As my family travelled to Toronto for a pre-SuperBowl party yesterday we put the movie Seabiscuit on to view in our van. We've watched this DVD many, many times, but even though we knew exactly what was coming next, all five of us were still entertained by it. Why, I kept asking myself?
Because we cared about what transpires in the story.
But, we already knew what was going to happen even before the next scene came into view, so why the desire to run through it all over again-- without fast forwarding?
For the emotional impact, perhaps?
Yes, I believe that's the answer. If I think of all the movies that I love to re-watch even after I know them scene by scene in my head, they all spark some deep emotional response in me. Now, in the movies, you get the added benefit of music and visuals helping to pull those emotional strings from the viewers. But in writing, authors only have words to work with.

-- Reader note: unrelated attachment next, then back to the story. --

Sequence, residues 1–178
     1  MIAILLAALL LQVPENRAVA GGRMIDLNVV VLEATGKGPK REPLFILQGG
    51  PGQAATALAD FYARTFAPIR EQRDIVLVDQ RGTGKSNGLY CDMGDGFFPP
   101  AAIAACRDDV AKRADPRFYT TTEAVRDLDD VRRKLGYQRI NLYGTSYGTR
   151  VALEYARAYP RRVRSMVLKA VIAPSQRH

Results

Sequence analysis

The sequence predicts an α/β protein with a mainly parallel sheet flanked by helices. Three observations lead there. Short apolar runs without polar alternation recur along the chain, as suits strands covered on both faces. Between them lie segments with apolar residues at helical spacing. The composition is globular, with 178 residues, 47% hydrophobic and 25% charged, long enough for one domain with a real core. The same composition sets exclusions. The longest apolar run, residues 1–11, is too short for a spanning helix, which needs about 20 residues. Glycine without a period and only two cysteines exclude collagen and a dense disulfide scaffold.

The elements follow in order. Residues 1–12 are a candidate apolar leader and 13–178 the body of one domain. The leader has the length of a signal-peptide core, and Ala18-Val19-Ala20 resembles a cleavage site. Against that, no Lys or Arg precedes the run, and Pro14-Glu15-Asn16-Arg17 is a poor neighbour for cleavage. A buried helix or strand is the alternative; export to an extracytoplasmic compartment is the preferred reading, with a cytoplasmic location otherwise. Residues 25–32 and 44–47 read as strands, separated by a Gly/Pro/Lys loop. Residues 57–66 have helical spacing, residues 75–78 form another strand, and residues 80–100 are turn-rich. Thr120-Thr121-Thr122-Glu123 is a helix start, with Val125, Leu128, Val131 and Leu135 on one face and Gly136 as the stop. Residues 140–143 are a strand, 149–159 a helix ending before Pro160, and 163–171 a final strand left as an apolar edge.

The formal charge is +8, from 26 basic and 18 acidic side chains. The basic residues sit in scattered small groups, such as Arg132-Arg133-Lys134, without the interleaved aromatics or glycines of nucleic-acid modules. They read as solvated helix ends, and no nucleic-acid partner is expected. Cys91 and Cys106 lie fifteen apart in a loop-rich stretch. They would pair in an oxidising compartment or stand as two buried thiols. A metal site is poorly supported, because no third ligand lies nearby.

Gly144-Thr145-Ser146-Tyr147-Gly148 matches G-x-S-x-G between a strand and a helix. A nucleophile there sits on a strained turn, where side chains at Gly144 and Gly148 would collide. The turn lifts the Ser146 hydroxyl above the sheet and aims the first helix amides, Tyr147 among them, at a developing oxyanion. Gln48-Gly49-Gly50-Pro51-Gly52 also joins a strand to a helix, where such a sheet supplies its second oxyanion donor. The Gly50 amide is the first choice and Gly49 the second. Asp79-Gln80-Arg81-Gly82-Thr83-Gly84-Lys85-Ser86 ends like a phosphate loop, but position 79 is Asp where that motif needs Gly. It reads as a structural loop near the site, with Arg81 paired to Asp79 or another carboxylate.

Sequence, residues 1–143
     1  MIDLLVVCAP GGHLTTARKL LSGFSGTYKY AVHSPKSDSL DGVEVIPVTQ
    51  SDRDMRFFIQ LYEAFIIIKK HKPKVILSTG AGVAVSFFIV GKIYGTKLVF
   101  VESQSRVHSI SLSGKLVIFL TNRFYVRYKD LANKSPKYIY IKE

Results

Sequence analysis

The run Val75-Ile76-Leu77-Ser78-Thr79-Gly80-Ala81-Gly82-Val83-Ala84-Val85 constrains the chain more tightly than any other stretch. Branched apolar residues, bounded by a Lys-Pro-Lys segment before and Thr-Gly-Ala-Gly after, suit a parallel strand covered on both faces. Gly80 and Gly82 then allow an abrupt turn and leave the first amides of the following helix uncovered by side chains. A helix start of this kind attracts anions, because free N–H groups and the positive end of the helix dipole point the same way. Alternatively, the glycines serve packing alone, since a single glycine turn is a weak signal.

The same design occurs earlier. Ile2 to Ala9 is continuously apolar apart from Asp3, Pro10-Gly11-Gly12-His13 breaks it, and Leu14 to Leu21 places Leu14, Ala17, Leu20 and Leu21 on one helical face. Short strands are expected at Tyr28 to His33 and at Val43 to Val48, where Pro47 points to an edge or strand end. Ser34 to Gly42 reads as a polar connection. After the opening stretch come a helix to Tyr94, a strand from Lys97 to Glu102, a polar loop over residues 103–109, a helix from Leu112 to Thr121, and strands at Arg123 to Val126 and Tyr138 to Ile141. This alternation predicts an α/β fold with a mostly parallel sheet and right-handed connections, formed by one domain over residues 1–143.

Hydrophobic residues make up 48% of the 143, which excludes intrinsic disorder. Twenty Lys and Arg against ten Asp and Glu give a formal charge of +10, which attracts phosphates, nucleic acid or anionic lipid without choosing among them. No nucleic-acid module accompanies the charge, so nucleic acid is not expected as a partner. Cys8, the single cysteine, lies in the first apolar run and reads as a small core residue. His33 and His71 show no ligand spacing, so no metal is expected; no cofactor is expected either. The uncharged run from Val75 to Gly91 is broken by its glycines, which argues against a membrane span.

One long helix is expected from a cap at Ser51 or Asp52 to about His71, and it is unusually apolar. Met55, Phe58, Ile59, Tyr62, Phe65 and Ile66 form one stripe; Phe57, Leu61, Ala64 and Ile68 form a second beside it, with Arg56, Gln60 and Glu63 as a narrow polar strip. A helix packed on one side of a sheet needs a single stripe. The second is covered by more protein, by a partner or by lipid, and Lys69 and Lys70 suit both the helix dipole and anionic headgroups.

So how do we writers make our words draw an emotional response worth revisiting?
One way is subtexting. One of my blog friends, Jessica, has posted on this very subject over the past few days. Check out the link she directed her visitors to: Subtexting.
Not only can subtexting, if used properly, evoke emotional responses from our readers, but it definitely aids in characterization, and makes dialogue enjoyable and entertaining to read. If we go by the advice of "multitask your words", then subtexting certainly makes sense. It's well worth the effort of mastering not only to create an emotional read, but a concise one, too.
Hope we all have a productive, great Monday!